Tips to protect your store from theft this Christmas

December and January are two of the busiest months of the year for retailers with many people rushing to purchase last minute gifts or to take advantage of the festive season’s discount sales.

However, large crowds and busy staff can also make it easier for people to get away with theft. Michael Day, national retail manager at Tyco Retail Solutions, says the best way to keep thieves at bay is to make sure they know you are watching them.

“While bolstering staff numbers and providing additional training can keep shoplifters on their toes, there is no better deterrent than having visible security technology, such as electronic article surveillance tags and security cameras in place to protect stock from walking out the door,” he explains.

To help store owners prepare for the sales rush, he suggests the following security tips:

Assess the store layout

• Check the floor area to ensure staff can see every zone within the store and install additional cameras in any blind spots to observe customer behaviour. Increase the use of tags and labels in these areas to reduce the opportunities for shoplifters.

• Ensure that any security sensors at the store’s entry and exit points are clearly visible and not hidden by advertising.

Protect vulnerable merchandise

• Identify the merchandise most prone to shoplifting and put protective measures in place.

• Valuable stock items can be securely protected using electronic article surveillance (EAS) tags and labels that will trigger an alarm if targeted by shoplifters.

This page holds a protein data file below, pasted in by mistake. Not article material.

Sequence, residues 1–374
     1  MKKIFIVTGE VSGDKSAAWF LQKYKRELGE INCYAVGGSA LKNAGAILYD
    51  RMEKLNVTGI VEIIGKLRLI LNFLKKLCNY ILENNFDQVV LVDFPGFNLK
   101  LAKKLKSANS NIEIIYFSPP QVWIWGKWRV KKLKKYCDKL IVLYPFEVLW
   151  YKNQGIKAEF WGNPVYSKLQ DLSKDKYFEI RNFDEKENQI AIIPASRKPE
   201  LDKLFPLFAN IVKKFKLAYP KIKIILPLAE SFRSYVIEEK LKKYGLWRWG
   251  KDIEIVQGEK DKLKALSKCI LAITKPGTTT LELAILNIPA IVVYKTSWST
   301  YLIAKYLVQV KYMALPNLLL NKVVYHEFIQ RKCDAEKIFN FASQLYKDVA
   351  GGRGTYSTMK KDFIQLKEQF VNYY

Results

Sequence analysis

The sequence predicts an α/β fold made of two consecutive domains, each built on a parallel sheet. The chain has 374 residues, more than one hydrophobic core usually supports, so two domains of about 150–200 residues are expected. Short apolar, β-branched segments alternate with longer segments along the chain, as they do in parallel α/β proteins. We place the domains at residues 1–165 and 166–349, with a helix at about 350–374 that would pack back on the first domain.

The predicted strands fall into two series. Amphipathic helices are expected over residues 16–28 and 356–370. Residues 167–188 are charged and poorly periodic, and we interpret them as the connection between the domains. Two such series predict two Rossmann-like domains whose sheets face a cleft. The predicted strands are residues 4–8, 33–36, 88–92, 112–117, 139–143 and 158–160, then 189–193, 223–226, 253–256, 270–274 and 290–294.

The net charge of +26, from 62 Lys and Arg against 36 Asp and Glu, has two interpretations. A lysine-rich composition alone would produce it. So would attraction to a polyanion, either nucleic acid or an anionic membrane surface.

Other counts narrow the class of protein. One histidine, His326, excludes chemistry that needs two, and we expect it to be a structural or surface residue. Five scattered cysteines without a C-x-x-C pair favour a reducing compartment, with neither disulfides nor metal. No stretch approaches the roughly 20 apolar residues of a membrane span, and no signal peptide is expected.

• Don’t feel that every item needs to be tagged―just having some items visibly tagged can be enough to tell a potential shoplifter that the store has security technology in place.

• Make sure stock is neatly displayed and that rejected stock isn’t left lying around in fitting rooms or outside of its packaging.

• Consider an item-level inventory intelligence system such as Sensormatic by Tyco Retail Solutions, which tracks goods as they move through the store, from shelves to POS and out the door.

Train staff

• It is important to treat every customer the same as there is no typical shoplifter profile.

• Ensure staff greet and make eye contact with everyone that walks into the store and are comfortable handling a shoplifting incident. Their job is to deter not detain an offender.

• It is important that staff react to every alarm as this will send a message to customers that the store takes security seriously. 

• Make sure that staff are diligent in removing or deactivating tags and labels from purchases to ensure the store remains efficient and minimises unnecessary distractions.

By Marion Gerritsen